#SwiftFicFriday – Week 13 Vote

#SwiftFicFriday – Week 13 Vote

Another prompt, another round of great responses! Check them out below and vote for your favorite:

Story 1 by Terry Brewer

Nelson at Trafalgar

“You should have done this weeks ago.”

“Look. Are you going to lecture me or help?”

“Sorry. There’ll be time to lecture you later.”

She was like this. Not lazy. Just unfocused. Like Emma Woodhouse. Too willing to place a book down when she found it boring or some other diversion. Too ready to find almost anything a sufficient diversion.

I was her Knightley, willing to overlook her faults since I was overtaken by her charms.

But we had only hours to finish her essay on Nelson’s victory at Trafalgar. She’d selected the topic when she got into her head that Nelson was a tragic romantic destined to leave the woman he loved destitute. Her history prof but a quick end to that, mandating that she discuss the tactics of the famous battle.

I got to her room at about eight, armed with a bag of snacks to tide us over. The paper was due electronically by nine.

We made good progress until one. We then went for a walk down the dorm’s corridors. We were not the only ones up. Black Sabbath was screeching from someone’s room, presumably another facing the nine am deadline.

Back at her room at half-past one, after we both splashed our faces with cold water and drank our umpteenth cup of dank coffee, we held out for the duration. Perhaps sleep-deprivation proved its worth as we both saw clearly—or at least thought we saw clearly—the key ingredients for the paper.

It was our first, though not last, sleepless night together. The others have been more pleasant. I do not tire of reminding her that she should have done the work sooner. Her retort: who knows whether I would have fallen in love with you if I did. True.

She got an “A”.

Story 2 by Louisa Bacio

The sheets wrapped around her ankle and Mariel struggled, twisting, pulling, only further tangling in the mess. Reaching under the covers, she yanked at the material and freed her foot and tried to get comfortable. She chased a good night’s sleep like Diana on the hunt.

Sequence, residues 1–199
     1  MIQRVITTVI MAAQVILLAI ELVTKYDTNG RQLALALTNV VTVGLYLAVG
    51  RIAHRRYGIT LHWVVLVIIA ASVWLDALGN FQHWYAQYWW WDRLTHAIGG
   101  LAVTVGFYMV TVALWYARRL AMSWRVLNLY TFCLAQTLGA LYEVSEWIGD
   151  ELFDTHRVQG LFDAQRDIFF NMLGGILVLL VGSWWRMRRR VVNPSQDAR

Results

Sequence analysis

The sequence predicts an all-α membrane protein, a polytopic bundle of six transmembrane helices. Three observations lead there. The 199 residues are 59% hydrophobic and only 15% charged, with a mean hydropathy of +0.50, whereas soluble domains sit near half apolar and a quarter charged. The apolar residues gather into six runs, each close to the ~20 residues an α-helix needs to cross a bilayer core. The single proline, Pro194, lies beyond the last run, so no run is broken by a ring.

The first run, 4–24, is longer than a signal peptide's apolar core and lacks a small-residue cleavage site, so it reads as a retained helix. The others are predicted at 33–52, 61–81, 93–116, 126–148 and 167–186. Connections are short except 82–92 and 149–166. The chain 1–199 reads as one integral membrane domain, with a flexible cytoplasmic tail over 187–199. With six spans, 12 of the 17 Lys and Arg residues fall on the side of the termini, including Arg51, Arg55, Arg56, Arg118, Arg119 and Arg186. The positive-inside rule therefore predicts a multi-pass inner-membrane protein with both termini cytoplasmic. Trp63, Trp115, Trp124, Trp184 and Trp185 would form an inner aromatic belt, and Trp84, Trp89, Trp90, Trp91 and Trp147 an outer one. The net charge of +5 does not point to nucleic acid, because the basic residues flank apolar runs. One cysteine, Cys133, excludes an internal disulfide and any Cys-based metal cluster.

Every moment she shut her eyes, images of him surfaced. Somewhere in the darkness, she feared he lurked, watching her. If she fell asleep, he’d hover beside the bed, staring.

Something shifted to the right where she’d piled shopping bags from the mall that she reused for trash rather than outright tossing them. Probably nothing. Gravity.
Crumble. Slither. Creak.

A step in the hallway caught her attention. She held her breath, straining to hear everything and anything.

“Mine.” The faintest whisper brushed against Mariel’s ear. She shrieked, striking at only air.

She flapped her hand against the wall, searching for the light switch. It clicked, and nothing. Panic tightened in her chest. She pushed the toggle the other way. Darkness prevailed. There were two switches, one close to the hallway – where there was a possibility of someone laying in wait – and the one above the bed. Both were supposed to work the light, but every now and then something failed and she had to use the other one.

That meant putting her feet down, and the creature under the bed grabbing her. She glanced at the clock, four thirty-two. In a little over an hour, dawn would bring enough light to chase away the monsters. Better to stay in bed, awake and real quiet, until then.

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